Nowak, Stefanie and Rüger, Stefan
How reliable are annotations via crowdsourcing? a study about inter-annotator agreement for multi-label image annotation.
In: The 11th ACM International Conference on Multimedia Information Retrieval (MIR), 29-31 Mar 2010, Philadelphia, USA, p. 557.
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The creation of golden standard datasets is a costly business. Optimally more than one judgment per document is obtained to ensure a high quality on annotations. In this context, we explore how much annotations from experts differ from each other, how different sets of annotations influence the ranking of systems and if these annotations can be obtained with a crowdsourcing approach. This study is applied to annotations of images with multiple concepts. A subset of the images employed in the latest ImageCLEF Photo Annotation competition was manually annotated by expert annotators and non-experts with Mechanical Turk. The inter-annotator agreement is computed at an image-based and concept-based level using majority vote, accuracy and kappa statistics. Further, the Kendall τ and Kolmogorov-Smirnov correlation test is used to compare the ranking of systems regarding different ground-truths and different evaluation measures in a benchmark scenario. Results show that while the agreement between experts and non-experts varies depending on the measure used, its influence on the ranked lists of the systems is rather small. To sum up, the majority vote applied to generate one annotation set out of several opinions, is able to filter noisy judgments of non-experts to some extent. The resulting annotation set is of comparable quality to the annotations of experts.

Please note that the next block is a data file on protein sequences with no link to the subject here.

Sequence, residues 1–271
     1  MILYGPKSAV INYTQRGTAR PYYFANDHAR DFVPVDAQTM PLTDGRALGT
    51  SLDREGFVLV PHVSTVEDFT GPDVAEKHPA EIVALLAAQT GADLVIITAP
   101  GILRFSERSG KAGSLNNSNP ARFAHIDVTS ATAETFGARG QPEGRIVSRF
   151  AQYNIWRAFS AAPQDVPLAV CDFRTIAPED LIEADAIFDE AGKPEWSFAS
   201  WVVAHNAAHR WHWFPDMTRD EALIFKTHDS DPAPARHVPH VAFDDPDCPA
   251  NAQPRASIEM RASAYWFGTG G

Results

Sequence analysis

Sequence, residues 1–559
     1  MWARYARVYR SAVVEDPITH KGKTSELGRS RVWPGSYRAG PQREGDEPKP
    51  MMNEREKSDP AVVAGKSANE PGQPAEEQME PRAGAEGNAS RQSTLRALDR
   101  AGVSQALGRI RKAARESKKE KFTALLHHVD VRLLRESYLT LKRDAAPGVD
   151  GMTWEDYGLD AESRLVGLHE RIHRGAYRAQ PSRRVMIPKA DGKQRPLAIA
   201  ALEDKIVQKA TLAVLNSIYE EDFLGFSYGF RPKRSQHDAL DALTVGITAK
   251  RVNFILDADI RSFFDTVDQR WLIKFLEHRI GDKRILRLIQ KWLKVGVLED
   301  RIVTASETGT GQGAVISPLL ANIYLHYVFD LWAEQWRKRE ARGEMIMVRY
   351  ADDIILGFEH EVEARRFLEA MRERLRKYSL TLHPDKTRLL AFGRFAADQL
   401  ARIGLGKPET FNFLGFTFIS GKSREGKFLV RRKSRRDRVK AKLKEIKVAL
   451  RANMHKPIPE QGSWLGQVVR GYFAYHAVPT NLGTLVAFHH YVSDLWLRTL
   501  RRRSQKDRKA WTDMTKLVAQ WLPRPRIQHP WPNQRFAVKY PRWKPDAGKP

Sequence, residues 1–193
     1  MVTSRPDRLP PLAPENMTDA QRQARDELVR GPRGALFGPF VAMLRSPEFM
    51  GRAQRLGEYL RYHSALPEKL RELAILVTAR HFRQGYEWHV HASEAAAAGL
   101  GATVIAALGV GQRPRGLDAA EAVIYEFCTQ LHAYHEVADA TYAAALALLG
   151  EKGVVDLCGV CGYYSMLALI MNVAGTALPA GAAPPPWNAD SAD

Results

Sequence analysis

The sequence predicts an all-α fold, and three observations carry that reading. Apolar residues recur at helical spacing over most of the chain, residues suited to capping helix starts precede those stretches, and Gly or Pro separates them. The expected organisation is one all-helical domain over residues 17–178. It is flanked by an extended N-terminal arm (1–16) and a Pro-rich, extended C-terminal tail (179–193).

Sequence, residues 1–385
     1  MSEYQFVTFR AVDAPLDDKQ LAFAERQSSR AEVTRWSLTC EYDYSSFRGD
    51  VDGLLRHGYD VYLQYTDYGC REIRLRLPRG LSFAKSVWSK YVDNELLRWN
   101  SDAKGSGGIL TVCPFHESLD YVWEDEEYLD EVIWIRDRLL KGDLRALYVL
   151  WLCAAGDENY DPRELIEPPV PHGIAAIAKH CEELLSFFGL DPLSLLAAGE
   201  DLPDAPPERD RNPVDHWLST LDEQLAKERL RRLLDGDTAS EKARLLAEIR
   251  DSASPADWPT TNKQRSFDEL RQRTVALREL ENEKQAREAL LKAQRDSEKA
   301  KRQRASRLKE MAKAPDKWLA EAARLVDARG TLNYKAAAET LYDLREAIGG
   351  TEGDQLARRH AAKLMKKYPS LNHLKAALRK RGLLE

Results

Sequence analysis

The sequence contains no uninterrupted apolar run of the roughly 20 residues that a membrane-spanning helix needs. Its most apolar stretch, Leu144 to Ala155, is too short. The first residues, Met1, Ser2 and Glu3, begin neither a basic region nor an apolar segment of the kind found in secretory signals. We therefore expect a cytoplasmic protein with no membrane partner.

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||experimentation; human factors; measurement; performance; inter-annotator agreement; crowdsourcing
||Knowledge Media Institute
||11 Jan 2011 12:40
||23 Oct 2012 21:26
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